Muslim and Christian leaders in the city of Irbil issued a joined statement Nov. 12 condemning the anti-Christian violence. Mullahs, or spiritual leaders, representing both main Muslim factions, the Sunni and the Shiite, have promised to use their pulpits to invite people "to be instruments of peace and fraternity rather than violence."
Islamic extremists such as al-Qaida and the Islamic State of Iraq, which claimed responsibility for the attacks on the Our Lady of Salvation, are directly responsible for attacks. But Archbishop Casmoussa said these groups are able to operate with impunity because Iraq’s government has been in discord.
Recent efforts to form a unity government among rival factions in the country remain fragile. Yet many hope that the efforts will lead to better security that will stem the violence and the resulting emigration that afflict the country's Christians.
In his opening speech to Iraq’s House of Representatives Nov. 11, newly elected Speaker Qusay al-Suhail, declared the security of the Christian community a top priority. He openly deplored the killings at the cathedral and Christian homes in Baghdad.
Archbishop Casmoussa welcomes the new expressions of concern.
“In terms of declarations, we are really saturated,” he said. “What we are asking for are concrete actions. We must find a solution, solutions, effective ways to safeguard the security of Christians.”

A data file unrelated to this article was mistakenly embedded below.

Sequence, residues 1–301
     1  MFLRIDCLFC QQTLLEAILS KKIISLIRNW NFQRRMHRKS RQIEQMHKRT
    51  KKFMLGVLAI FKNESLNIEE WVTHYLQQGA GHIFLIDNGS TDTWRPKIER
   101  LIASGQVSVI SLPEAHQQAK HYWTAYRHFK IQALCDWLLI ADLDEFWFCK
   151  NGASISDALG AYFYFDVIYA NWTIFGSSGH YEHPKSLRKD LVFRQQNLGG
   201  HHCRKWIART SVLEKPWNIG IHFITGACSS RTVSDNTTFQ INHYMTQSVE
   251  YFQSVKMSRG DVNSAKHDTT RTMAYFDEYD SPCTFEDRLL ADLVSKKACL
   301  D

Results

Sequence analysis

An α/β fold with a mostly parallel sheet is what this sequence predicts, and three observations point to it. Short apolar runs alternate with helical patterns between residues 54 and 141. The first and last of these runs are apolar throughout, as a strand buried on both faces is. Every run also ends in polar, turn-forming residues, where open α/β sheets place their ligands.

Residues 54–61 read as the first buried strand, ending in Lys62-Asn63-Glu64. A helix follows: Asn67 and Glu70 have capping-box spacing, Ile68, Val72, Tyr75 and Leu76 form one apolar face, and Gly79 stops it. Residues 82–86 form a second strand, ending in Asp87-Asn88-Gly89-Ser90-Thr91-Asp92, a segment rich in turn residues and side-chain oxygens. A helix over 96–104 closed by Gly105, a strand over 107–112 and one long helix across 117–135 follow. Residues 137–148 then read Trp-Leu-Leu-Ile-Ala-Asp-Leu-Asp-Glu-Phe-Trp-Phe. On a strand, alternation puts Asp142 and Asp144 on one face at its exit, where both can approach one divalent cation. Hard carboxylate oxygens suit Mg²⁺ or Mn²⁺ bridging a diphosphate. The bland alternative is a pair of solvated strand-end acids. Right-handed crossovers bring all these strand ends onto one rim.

The archbishop suggested that Christians might be granted their own “separate autonomous geographic region, with international budgetary and infrastructural guarantees, especially for security.”
The Iraqi government since 2005 has recognized an autonomous region for the Kurdish people. It is located in northern Iraq, along the borders with Turkey, Iran, and Syria.
The archbishop wants to stem the tide of Christians exiting Iraq. But he acknowledged that the violence and uncertainty are the main causes of emigration.
"Things must not be left to fester in such a way that Christians leave their country," he said.
One Syrian Orthodox leader, Archbishop Athanasios Dawood, who is based in London, received attention earlier in November for encouraging emigration of Christians from Iraq. Archbishop Dawood told CNN that he advised Christians to “escape the premeditated ethnic cleansing."
(Story continues below)
Subscribe to our daily newsletter
At Catholic News Agency, our team is committed to reporting the truth with courage, integrity, and fidelity to our faith. We provide news about the Church and the world, as seen through the teachings of the Catholic Church. When you subscribe to the CNA UPDATE, we'll send you a daily email with links to the news you need and, occasionally, breaking news.
As part of this free service you may receive occasional offers from us at EWTN News and EWTN. We won't rent or sell your information, and you can unsubscribe at any time.
"This," he said, "is better than having them killed one by one."
Archbishop Casmoussa said Archbishop Dawood does not speak for Christians in Iraq. “He does not live in Iraq … ”
Archbishop Casmoussa asked for assistance from the international community to ensure the safety of Iraqis and stop the mass emigration. He specifically uged international companies doing business in Iraq to push for greater human rights protections and to use their economic clout to put pressure on the Iraqi and U.S. governments.
He is also calling on the Iraqi government to investigate and bring the terrorists to justice.
If they do not, he said, the United Nations must step in.
Until the perpetrators of this religious violence are brought to justice, Archbishop Casmoussa said, "Christians will not feel safe. The hemorrhage of emigration and violence will continue to undermine the Christian presence in Iraq and it will be disaster for Christians."